Conrad is remembering how his mother talked to him about his major in college: “She was always so helpful. She told me I was good at art, but I had to be practical and plan for a career which would enable me to take care of a family. I listened to her and went into finance. Ten years later, as you know, I hate my work, but I know she was only thinking of me. She lived through hard times as a kid, so my being secure financially is especially important to her. She only wanted what was best for me, and I can’t bear to feel that I cause her pain or disappoint her. I would feel so mean.”
Allowing the emergence of previously intolerable and unwanted feelings provides tools—not only for developing the self, but for the development of the self in relationship. Knowledge of feelings is a tool which can help address internal and external conflict. This means one has new and more information to decide both how and, sometimes more importantly, if to act.
Monica is depressed and anxious. She struggles with her son, who she feels rejects her and has become contemptuous of her relationship with her mother. This is intolerable for Monica, who has dedicated her life to taking care of others and making sure no one has any bad feelings because of her. Monica came to therapy because of how torn she is between trying to please her son and trying to make her mother happy. This internal and external tug-of-war is ruling Monica’s life, and there is little room for Monica to consider herself. In fact, before Monica began therapy, it never occurred to her that she should be a consideration. Monica is unable to act in any way that would make her feel she hasn’t done everything her mother expects of her.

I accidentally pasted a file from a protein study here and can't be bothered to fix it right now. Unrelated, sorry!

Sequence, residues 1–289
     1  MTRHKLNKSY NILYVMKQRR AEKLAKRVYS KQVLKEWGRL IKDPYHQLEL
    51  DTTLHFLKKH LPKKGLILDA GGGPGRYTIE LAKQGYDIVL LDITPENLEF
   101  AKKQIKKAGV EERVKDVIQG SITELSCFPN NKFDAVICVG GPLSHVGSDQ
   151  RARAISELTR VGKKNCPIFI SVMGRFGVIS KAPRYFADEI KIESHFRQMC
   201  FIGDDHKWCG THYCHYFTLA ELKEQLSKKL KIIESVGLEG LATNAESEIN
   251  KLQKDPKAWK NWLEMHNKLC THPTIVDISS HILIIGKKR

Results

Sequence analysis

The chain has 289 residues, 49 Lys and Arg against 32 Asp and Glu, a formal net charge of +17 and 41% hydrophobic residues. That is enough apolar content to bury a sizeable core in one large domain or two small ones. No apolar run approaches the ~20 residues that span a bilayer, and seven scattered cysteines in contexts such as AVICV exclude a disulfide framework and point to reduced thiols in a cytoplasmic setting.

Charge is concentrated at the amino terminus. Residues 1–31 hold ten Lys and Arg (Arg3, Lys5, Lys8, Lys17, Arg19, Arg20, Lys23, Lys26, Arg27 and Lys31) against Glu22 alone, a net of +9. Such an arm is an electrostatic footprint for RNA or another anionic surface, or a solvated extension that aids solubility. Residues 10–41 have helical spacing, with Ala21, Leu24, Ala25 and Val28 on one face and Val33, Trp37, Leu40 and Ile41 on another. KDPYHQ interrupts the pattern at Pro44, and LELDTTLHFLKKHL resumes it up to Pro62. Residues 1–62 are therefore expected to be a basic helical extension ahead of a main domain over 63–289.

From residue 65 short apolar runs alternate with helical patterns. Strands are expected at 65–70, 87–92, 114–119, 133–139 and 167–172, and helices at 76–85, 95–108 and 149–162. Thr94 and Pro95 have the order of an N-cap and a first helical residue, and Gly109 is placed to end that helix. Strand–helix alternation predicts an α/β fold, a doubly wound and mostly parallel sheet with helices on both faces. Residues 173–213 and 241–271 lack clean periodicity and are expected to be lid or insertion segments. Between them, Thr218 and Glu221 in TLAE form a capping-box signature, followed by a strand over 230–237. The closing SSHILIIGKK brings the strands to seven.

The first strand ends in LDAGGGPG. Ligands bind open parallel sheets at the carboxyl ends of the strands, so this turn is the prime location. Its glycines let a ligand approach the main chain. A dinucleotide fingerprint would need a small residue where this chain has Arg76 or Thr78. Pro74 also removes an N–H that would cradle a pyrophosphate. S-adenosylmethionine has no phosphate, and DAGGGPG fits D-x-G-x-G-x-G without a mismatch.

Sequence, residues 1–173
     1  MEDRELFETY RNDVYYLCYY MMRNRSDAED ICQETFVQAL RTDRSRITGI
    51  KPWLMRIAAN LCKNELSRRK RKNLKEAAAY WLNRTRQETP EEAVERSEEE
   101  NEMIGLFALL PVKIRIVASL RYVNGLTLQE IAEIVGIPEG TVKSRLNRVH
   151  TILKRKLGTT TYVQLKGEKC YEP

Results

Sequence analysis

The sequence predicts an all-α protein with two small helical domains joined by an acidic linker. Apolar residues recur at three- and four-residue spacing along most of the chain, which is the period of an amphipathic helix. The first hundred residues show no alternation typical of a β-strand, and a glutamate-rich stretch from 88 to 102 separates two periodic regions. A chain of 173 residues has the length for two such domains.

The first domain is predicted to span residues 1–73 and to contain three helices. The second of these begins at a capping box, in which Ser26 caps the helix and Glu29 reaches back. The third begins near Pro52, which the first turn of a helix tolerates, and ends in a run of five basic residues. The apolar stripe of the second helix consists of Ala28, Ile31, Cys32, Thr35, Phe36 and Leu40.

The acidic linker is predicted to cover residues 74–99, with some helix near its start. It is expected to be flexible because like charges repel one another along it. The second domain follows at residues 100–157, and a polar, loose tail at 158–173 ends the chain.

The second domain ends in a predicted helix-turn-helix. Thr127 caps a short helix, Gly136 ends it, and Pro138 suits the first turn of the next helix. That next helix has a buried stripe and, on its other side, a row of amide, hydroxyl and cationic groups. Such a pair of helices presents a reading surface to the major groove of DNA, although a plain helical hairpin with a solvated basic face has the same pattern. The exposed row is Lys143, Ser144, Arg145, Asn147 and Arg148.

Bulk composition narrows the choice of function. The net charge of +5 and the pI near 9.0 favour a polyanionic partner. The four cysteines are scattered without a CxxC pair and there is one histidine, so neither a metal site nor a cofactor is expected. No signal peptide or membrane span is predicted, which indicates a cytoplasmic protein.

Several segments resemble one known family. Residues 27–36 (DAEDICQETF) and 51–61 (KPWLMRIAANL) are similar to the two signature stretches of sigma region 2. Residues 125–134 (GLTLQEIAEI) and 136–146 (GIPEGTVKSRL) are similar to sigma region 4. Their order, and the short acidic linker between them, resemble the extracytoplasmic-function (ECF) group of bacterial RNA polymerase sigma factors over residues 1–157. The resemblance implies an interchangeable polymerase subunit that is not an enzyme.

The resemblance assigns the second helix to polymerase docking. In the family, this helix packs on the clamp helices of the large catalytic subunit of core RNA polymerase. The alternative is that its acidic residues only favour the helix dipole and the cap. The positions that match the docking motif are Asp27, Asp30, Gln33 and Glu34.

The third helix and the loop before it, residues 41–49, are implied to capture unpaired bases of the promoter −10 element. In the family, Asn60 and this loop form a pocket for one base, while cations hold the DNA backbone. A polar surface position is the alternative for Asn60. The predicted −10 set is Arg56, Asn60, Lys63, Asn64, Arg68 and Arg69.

Monica is tearing up as she tells me: “My son Rick never wants to visit my mother when I visit her. Mom is getting on in years and won’t be around much longer. I tell him he really hurts her feelings and upsets her when he doesn’t visit or call. He tells me it’s boring to visit and he hates that she always criticizes him and tells him what to do. I know that’s true, but I try to explain that she is very interested in his life and wants to make sure he does things right. Her heart is in the right place. It upsets me. I feel like I’ve done something wrong when my son behaves this way. I’m a bad mother and a bad daughter.”
Alan’s wife Nancy and his father always get into arguments. Nancy tells Alan that she doesn’t like the way his father talks about women and that his father hates women. It distresses Alan that she won’t keep her feelings to herself. Each fight between Nancy and his father throws Alan into an anxious frenzy: “Nancy is so mean to him. He loves her, but she doesn’t care. He does condescend to her, but it gets him very agitated when they fight. I worry he’ll have a heart attack. Why can’t she just keep quiet and understand he is a good dad and would never do anything to hurt us?”
Alan is a man in serious conflict. He adores and admires his father, but he frequently turns himself into a pretzel to provide for his father’s needs and wishes without feeling he is abandoning his wife. As he tries to provide what she needs and what his father needs, there is little consideration of what he desires. He has recently become aware of how it might be dangerous to know what he wants: “I think I would feel even more tortured if I had to choose between Dad, Nancy, and myself. But it’s getting harder and harder to feel I don’t exist as a person except to be there for the people I love. I know if I choose myself, it will confirm how selfish I am.”